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To the Editor: As a lover of rare books, I applaud Enrique Landa's efforts to encourage his fellow students to visit Penn's rare books collection ("Finding treasures in Van Pelt," The Daily Pennsylvanian, 11/21/00). I must take issue, however, with one of his assertions in the editorial: that the Haggadah and Milton's Paradise Lost have "little in common." While this may seem a small matter, I believe an essential part of the appreciation of rare books, and of all books, is an awareness of the deep connections shared by much of literature, sacred or secular. Aside from their obvious common status as priceless books, the two works share many common attributes. Paradise Lost and the Haggadah are deemed by many to be essential reading in their respective milieux. Both works have origins in one of the books of the Pentateuch, or Torah -- Paradise Lost in Genesis, the Haggadah in Exodus. Each commemorates humans passing -- or failing -- a trial, and each imparts a key event in the story of two faiths with common origins. And perhaps most importantly, both works reflect the struggle to understand the human relationship with the figure of God.

Kate Keith Career Services

Gore's sensible solution

To the Editor: While I am an Al Gore supporter, I feel that everyone should agree that your statements about the current elecotoral situation ("Dividers, not uniters," DP, 11/27/00) are woefully inaccurate. You write that "All the while, it has become increasingly apparent that no one representing either major party is interested in a fair and accurate count indicative of the people's will," and that "no one is trying to hammer out a sensible, nonpartisan solution to the current impasse." Mr. Gore offered Mr. Bush the option of an end-all statewide hand recount in Florida where the loser goes home, the winner becomes president and, thankfully, no one goes to court. The hand counts, which are more accurate than machine recounts, would have taken a while but would have been overseen by Democratic and Republican ballot overseers, just like the recently completed recounts in South Florida. Most sensible people saw this measure as the only fair way out of the strange, surreal mess. It was only after Mr. Bush rejected this measure that Mr. Gore has had to resort to whatever court might help him and the partisan rhetoric on both sides has escalated. A statewide hand recount might well still give the election to Mr. Bush, but Mr. Gore thinks he won the election and wants nothing more than all the votes in Florida to be accurately counted. The other side rejected the only fair way, short of a revote, to most exactly determine who won the popular vote in Florida. It's an obvious statement, but it takes two sides to "unite" and Mr. Bush wants to "divide." (Or, perhaps, he is a uniter -- but only on his terms.) Theÿcurrent political diviseness could have been fairly, appropriately and easily avoided if not forÿMr. Bush's rejection ofÿthe "sensible solution" you inaccuratelyÿwrite is lacking.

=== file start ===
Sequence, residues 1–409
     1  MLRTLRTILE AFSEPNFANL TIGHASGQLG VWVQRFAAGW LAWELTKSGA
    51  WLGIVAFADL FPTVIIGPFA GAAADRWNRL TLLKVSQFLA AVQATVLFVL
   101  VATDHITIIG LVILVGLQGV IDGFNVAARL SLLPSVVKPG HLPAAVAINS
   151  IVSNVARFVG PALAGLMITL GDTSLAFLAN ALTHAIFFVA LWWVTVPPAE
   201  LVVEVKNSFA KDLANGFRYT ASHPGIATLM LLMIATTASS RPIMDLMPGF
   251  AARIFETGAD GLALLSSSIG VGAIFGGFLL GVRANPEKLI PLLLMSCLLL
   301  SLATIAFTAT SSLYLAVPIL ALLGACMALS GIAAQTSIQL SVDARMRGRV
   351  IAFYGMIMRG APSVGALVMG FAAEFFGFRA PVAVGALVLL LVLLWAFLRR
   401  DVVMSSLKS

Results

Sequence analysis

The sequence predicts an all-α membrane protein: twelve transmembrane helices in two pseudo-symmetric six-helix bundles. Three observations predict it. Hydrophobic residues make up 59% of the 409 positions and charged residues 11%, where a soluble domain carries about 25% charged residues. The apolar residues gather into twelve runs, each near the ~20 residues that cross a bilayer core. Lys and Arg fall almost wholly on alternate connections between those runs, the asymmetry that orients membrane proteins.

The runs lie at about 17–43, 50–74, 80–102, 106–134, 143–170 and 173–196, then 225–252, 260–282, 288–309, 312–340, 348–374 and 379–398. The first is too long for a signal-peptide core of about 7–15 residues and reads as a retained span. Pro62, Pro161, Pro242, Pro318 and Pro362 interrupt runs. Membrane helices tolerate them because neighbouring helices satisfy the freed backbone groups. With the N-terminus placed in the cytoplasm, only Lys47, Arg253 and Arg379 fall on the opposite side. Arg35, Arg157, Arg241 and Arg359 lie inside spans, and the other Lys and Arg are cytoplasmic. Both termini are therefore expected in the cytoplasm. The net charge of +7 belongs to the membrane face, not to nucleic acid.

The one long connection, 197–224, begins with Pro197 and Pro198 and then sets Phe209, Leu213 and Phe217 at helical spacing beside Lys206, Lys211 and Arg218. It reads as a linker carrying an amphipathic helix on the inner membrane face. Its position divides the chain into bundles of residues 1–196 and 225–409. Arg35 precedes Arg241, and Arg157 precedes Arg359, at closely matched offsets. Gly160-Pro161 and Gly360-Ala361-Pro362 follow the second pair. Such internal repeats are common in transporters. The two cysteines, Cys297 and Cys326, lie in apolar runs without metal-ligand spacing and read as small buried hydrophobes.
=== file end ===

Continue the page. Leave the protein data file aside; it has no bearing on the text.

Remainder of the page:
Naresh Nagella Law '01

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